It all becomes very stressful MrsBiscuit. The government advises you stay indoors and we have to be out all day keeping drinkers cold and spraying the runs. At night we have had to leave all the coops wide open. To discourage predators (there are no 'urban' foxes here) we illuminate the enclosure at night. But we have decided the best deterrent is multi-coloured exterior Christmas tree lights set on a random flash, so they will go up for the next heatwave. Problem is they have to be taken down every day because the intense sunlight destroys plastic.
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dinosaw
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Re: Nearly lost Basil yesterday

Post by dinosaw »

Glad you were in the nick of time and also good to see that Bottom is still with us Chris. Was reading a couple of bits on heat stress when the temperature started to rise here a couple of weeks ago and came across the following from an aussie producer of agricultural electrolytes. As you would imagine they are big on promoting the use of electrolytes to combat heat stress (which you can produce yourself) but the info on the processes involved in heat stress and dehydration were interesting, especially the effect humidity plays. In a nutshell 80% of heat is lost through panting, when humidity rises the air can't absorb the moisture from the lungs which leads to the bird panting faster which in itself causes the bird to produce more heat. They make a good suggestion in their booklet to not feed birds between 10am to 4pm so the internal heat this produces comes at a cooler time of day.

http://www.rci.com.au/HowtoUnderstandHe ... ultry.aspx
http://www.heatstress.info/heatstressin ... fault.aspx
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chrismahon
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Re: Nearly lost Basil yesterday

Post by chrismahon »

Interesting information there Dinosaw. When it gets hot ours stop eating, so perhaps they've read the manual? They are all still laying well, which is remarkable in the circumstances. We often have to prop the nest box lids open to cool them down and we have had one TNN go crazy in the box and she had to be taken inside. After yesterdays thunderstorms the 5 week drought came to an end and temperatures are set to remain at seasonal norms, so typically 25- 33C.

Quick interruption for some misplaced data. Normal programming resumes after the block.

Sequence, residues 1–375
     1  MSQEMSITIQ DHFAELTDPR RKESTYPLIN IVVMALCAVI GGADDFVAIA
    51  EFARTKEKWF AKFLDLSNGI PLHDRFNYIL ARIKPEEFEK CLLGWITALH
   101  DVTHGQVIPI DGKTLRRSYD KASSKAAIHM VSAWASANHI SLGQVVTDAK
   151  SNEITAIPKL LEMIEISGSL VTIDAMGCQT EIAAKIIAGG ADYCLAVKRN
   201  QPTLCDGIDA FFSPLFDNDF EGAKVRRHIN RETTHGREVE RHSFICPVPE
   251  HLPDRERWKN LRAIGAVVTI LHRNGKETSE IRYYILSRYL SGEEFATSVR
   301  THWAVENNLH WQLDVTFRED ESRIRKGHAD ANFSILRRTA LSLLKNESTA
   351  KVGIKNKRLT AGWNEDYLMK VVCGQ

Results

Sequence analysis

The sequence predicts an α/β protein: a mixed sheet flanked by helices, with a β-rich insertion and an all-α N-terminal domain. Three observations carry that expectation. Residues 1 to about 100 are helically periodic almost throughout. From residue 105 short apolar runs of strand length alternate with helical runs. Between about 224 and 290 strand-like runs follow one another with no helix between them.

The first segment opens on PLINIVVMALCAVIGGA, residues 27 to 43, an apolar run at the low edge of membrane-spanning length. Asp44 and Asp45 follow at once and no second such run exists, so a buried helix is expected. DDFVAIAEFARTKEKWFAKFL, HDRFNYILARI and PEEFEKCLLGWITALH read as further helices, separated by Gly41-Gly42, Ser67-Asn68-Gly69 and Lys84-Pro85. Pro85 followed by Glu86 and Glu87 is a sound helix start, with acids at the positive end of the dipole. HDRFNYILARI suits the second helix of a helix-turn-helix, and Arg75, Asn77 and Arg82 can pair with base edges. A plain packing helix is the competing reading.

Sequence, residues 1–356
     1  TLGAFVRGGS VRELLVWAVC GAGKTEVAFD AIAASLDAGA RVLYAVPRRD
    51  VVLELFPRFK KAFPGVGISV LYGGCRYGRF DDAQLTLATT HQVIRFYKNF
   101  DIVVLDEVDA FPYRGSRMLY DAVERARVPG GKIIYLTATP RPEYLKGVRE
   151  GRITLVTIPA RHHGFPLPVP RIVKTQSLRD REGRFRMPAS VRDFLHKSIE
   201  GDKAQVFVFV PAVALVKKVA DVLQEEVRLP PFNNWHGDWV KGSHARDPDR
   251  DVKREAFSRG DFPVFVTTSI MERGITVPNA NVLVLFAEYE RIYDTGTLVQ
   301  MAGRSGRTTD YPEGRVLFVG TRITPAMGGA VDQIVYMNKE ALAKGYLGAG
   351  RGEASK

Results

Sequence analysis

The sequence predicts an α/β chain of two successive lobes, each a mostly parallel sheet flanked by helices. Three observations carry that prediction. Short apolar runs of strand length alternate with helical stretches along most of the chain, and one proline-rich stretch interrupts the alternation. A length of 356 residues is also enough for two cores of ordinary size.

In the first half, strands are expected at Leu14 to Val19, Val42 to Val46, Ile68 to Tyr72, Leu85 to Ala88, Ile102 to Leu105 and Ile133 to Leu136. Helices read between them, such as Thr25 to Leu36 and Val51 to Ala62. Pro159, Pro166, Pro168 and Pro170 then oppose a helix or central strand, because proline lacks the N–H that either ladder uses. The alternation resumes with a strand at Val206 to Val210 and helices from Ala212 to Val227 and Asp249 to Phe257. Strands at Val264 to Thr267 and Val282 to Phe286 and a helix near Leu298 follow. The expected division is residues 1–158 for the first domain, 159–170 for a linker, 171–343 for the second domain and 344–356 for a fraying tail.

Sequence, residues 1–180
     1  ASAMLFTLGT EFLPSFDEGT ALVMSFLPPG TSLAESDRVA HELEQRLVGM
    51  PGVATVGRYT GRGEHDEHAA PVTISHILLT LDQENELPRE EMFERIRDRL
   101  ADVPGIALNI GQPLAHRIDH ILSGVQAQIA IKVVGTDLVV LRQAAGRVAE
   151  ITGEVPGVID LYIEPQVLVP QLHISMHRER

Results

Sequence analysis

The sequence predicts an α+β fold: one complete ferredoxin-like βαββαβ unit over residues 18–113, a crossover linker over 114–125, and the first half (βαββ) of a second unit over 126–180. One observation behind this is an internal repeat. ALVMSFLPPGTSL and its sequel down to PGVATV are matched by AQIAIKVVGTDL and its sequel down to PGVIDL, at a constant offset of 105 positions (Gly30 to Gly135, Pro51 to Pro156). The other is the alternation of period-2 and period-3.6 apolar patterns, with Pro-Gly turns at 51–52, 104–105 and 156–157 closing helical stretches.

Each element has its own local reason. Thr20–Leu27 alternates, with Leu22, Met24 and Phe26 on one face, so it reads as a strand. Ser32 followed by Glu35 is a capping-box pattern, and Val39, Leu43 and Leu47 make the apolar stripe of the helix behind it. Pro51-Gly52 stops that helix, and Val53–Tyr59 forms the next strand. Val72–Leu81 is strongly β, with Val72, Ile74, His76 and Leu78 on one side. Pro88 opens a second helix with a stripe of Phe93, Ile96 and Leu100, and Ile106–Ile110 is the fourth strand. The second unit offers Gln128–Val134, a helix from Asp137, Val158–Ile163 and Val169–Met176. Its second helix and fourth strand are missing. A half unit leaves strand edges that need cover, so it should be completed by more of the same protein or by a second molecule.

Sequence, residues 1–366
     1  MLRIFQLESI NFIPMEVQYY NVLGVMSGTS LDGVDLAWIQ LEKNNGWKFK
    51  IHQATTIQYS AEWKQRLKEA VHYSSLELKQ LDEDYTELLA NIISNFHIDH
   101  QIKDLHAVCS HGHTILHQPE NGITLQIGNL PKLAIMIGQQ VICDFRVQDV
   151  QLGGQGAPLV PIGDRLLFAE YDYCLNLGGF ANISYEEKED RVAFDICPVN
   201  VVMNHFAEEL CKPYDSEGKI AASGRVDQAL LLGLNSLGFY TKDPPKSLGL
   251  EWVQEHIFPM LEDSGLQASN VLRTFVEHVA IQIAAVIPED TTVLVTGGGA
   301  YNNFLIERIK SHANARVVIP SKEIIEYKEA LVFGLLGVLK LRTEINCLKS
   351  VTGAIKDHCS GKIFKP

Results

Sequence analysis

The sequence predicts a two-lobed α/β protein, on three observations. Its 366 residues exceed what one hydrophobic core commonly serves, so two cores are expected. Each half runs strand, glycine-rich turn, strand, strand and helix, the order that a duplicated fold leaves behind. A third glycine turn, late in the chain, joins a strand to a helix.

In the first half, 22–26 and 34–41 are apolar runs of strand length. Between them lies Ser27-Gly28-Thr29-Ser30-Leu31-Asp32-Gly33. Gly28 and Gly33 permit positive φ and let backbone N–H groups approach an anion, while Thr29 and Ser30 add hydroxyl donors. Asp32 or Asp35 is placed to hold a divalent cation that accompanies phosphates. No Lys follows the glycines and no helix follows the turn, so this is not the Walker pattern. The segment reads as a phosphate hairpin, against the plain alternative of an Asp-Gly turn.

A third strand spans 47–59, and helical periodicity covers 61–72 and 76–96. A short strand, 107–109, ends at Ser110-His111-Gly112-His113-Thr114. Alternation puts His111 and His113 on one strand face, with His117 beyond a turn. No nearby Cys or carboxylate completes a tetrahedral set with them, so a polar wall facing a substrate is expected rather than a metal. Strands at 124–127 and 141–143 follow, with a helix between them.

Longer term we now consider a stone barn absolutely essential for poultry here, both for Summer and Winter. We also intend to create a utility room with air conditioning, both to treat sickies and to revive ourselves!
MrsBiscuit
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Re: Nearly lost Basil yesterday

Post by MrsBiscuit »

Sounds good :-)08 When we eat our body temp goes up, so I guess its the same for the birds? I think the real problem is that in the height of summer it can still be in the 30s, in the evenings. I remember one summer in the Tarn, la canicule, it got to 40 on several consecutive days, we didn't use to eat till 10pm, but it was still far too hot to bear, maybe that is why the Spanish eat so late. Inland Spain registers 40 routinely.

I've seen poultry (and pigs, goats and sheep!) in stone barns in Portugal, but most poultry seems to be in breeze block type constructions, which is useless at heat control. The difference between the two is staggering. In fact, all the old dwellings in the part of Portugal I know best are stone built and were made so that man lived on the first floor, the animals, wine production and storage are on the ground floor. This is still true going back 30 or 40 years, not just back into medieval times :D Its quite common for older country people to live on the ground floor in the heat, even with beaten earth floors, or now with rough concrete, but still surrounded by tractors, wine making equipment, stored equipment, fruit and veg. A lot of people have a table and chairs down there, a 2nd rudimentary stove/sink and some form of dresser to store cutlery. Strangely, they sleep outside or in their beds upstairs.

I sometimes think we don't know we are born :roll: